Traditional midwife and her twins
Women in our five project communities in Northern Nigeria continue to express enthusiasm about misoprostol and its role in ensuring safe childbirth.
A traditional midwife we trained in the village of Hayin Ojo recounted the story of her own experience taking misoprostol. She delivered her own twins alone on the dirt floor of her home when she began hemorrhaging badly. As she is one of several community members distributing misoprostol in the project communities, she had the life-saving tablets on hand. Thankfully, she was able to take the tablets in time to stop the bleeding and save her own life. This woman has become a vocal advocate for misoprostol for management of excessive bleeding, as have all of the traditional midwives in her village.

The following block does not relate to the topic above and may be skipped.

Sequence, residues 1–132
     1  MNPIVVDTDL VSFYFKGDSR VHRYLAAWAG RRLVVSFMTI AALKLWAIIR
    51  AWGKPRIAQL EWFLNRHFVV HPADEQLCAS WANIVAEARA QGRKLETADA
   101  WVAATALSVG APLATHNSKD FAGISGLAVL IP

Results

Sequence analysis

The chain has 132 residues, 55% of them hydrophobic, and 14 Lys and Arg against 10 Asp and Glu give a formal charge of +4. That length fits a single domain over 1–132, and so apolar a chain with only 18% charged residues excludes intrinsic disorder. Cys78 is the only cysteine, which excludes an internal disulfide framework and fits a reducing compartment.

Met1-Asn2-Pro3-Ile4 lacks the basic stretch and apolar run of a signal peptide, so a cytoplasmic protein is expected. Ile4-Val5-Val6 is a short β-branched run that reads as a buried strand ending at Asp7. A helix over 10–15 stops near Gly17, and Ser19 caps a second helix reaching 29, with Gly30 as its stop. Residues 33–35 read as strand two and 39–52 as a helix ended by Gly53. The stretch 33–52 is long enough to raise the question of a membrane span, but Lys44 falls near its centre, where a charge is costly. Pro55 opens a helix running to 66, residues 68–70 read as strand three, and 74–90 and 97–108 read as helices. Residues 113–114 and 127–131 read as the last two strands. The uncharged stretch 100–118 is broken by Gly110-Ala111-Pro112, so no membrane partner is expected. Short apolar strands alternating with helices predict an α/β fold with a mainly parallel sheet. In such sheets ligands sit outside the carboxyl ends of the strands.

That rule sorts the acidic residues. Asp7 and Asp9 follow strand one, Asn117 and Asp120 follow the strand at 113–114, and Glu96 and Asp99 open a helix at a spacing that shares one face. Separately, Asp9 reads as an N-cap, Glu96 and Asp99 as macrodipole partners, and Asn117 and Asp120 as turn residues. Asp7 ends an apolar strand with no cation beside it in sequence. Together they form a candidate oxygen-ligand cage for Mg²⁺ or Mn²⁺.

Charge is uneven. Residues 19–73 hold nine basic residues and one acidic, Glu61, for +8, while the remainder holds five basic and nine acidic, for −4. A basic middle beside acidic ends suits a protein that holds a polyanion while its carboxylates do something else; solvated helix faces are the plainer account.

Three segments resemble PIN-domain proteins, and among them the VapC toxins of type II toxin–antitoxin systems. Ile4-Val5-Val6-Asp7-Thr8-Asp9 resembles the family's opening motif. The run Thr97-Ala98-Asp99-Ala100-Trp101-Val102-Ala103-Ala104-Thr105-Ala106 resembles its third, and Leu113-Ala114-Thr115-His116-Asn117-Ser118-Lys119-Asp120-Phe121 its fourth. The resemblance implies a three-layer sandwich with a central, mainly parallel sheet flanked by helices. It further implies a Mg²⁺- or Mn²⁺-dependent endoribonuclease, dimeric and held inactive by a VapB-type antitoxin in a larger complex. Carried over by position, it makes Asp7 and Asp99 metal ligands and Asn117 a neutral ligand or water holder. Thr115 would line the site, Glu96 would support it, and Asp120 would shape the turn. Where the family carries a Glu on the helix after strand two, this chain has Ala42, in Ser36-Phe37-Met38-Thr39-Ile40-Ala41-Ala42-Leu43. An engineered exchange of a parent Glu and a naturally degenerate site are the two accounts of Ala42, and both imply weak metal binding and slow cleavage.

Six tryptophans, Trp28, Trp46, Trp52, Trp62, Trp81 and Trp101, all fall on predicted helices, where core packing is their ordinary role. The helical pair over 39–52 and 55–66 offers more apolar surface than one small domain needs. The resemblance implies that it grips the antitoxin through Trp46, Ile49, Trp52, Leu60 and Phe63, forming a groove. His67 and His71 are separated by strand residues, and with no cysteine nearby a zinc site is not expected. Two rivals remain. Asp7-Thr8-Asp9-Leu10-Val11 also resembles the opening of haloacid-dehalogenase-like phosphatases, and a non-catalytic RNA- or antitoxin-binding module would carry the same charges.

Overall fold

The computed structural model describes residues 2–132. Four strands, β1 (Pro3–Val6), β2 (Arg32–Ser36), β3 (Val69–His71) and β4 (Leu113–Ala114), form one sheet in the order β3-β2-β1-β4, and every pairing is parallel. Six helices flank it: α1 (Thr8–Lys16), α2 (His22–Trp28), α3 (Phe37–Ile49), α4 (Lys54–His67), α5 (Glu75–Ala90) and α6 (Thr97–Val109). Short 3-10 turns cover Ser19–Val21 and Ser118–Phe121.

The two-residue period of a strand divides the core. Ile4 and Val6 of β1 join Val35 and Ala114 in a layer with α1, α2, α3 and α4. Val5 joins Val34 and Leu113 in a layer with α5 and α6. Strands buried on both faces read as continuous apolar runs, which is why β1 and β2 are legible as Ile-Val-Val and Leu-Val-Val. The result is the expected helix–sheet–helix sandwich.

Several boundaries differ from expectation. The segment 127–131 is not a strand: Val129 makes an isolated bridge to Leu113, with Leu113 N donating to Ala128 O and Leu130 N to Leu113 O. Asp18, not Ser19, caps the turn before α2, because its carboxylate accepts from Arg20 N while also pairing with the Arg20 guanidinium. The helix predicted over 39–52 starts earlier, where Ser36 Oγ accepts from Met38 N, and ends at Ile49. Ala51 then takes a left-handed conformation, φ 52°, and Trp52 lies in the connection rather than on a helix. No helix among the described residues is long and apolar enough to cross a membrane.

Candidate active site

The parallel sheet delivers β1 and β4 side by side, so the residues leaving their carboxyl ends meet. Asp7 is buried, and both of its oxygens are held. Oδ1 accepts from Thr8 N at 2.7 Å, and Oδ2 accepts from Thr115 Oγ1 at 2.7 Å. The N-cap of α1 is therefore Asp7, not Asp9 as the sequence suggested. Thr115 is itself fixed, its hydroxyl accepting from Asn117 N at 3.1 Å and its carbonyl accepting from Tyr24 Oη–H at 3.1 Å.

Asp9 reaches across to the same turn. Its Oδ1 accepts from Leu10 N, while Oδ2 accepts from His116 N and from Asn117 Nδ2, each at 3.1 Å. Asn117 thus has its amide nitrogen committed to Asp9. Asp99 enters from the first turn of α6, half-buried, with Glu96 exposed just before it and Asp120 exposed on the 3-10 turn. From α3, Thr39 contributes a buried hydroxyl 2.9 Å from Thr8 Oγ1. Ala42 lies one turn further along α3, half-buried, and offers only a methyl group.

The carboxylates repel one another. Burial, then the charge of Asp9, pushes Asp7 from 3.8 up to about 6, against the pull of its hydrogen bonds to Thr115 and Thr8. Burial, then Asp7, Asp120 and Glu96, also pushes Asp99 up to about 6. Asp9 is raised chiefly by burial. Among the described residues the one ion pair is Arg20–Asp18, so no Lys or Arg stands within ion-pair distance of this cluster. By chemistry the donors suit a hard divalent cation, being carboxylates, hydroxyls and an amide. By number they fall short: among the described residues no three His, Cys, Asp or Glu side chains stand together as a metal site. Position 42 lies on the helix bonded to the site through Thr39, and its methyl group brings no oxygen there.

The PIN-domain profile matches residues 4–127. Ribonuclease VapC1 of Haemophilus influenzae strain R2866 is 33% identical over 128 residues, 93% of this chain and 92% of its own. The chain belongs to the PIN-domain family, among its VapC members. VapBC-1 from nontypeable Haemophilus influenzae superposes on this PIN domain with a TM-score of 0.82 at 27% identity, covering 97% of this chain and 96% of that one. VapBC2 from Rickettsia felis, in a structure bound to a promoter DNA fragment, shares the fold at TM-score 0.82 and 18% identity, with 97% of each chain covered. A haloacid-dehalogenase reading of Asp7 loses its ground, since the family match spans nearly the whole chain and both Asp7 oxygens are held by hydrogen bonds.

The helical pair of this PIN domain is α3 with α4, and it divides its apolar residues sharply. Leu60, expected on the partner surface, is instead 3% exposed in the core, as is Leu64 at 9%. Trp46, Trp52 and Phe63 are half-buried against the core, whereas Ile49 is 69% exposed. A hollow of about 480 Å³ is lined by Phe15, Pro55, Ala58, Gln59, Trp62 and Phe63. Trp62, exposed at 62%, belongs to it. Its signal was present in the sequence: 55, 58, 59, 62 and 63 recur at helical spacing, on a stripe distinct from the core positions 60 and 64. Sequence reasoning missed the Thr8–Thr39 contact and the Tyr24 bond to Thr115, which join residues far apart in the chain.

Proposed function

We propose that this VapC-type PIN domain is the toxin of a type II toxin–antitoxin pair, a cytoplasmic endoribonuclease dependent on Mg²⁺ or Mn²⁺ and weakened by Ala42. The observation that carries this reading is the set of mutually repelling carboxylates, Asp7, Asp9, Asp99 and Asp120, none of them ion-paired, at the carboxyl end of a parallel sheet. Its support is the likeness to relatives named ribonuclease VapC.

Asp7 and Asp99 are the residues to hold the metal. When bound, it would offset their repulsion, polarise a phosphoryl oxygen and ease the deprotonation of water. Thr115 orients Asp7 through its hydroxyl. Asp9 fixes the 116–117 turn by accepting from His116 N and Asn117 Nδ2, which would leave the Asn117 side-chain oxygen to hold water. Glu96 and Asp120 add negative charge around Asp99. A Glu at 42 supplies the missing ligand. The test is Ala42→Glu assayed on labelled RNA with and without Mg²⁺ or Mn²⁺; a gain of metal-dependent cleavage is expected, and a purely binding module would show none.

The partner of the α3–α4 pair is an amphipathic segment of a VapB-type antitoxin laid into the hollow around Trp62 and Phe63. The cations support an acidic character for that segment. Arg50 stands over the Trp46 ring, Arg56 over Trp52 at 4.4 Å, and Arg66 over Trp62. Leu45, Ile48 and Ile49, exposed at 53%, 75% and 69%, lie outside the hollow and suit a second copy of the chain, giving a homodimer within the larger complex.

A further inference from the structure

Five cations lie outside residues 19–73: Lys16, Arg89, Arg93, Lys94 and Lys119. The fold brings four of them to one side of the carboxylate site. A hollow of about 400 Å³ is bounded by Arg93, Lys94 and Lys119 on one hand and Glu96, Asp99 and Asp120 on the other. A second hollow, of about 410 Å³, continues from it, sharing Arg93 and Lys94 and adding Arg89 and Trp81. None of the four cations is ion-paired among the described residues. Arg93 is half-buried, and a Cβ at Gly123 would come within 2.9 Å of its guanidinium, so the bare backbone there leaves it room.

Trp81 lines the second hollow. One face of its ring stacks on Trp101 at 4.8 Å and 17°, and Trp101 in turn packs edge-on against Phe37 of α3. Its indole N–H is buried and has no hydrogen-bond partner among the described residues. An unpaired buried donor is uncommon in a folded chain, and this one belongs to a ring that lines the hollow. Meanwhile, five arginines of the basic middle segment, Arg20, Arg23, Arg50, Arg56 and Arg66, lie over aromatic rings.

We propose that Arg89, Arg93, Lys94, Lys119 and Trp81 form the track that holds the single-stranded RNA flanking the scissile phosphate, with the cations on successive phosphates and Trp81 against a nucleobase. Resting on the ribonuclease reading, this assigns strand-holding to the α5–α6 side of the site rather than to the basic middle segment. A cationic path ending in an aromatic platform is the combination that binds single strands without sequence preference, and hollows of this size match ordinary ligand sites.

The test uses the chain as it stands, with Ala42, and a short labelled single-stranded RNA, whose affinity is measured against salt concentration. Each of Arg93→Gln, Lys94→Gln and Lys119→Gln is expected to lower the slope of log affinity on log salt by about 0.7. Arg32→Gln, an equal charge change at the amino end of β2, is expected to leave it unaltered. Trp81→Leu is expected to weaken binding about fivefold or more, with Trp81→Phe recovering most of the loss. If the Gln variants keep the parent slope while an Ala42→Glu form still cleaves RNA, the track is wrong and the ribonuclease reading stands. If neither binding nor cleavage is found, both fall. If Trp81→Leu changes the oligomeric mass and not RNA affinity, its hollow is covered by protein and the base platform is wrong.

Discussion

The women of Northern Nigeria bear one of the world’s great burdens of maternal death due to postpartum hemorrhage, or excessive bleeding after childbirth. In this primarily Muslim area, most women deliver in their homes and given the paucity of health services, without the benefit of a skilled health care provider. Our project in Kaduna State in collaboration with the Bixby Center at UC Berkeley and Ahmadu Bello University is providing women who will deliver at home misoprostol tablets to prevent life-threatening hemorrhage.
To date, over 1,200 women have taken misoprostol to prevent postpartum hemorrhage. We are pleased to report that the community support and enthusiasm about misoprostol has translated into 99% of home births in the project communities protected with misoprostol tablets in October of 2009, up from 55% in January.
We are thankful for the support of donors committed to saving mothers’ lives in settings with the most need.